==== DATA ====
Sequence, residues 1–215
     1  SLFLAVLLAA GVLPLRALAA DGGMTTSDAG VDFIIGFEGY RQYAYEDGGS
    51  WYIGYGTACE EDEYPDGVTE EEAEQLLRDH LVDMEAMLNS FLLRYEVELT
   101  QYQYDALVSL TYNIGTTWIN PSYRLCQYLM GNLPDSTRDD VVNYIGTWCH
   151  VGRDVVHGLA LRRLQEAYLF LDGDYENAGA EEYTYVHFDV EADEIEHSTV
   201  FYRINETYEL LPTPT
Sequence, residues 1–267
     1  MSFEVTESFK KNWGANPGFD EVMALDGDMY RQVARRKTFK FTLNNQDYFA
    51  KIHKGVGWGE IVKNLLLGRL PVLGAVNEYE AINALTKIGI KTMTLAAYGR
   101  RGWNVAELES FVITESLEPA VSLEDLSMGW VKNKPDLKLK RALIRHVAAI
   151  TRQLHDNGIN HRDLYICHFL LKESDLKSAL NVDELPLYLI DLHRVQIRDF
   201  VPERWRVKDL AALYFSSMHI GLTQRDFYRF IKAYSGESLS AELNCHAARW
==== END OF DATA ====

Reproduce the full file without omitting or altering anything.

Sequence, residues 1–215
     1  SLFLAVLLAA GVLPLRALAA DGGMTTSDAG VDFIIGFEGY RQYAYEDGGS
    51  WYIGYGTACE EDEYPDGVTE EEAEQLLRDH LVDMEAMLNS FLLRYEVELT
   101  QYQYDALVSL TYNIGTTWIN PSYRLCQYLM GNLPDSTRDD VVNYIGTWCH
   151  VGRDVVHGLA LRRLQEAYLF LDGDYENAGA EEYTYVHFDV EADEIEHSTV
   201  FYRINETYEL LPTPT
Sequence, residues 1–267
     1  MSFEVTESFK KNWGANPGFD EVMALDGDMY RQVARRKTFK FTLNNQDYFA
    51  KIHKGVGWGE IVKNLLLGRL PVLGAVNEYE AINALTKIGI KTMTLAAYGR
   101  RGWNVAELES FVITESLEPA VSLEDLSMGW VKNKPDLKLK RALIRHVAAI
   151  TRQLHDNGIN HRDLYICHFL LKESDLKSAL NVDELPLYLI DLHRVQIRDF
   201  VPERWRVKDL AALYFSSMHI GLTQRDFYRF IKAYSGESLS AELNCHAARW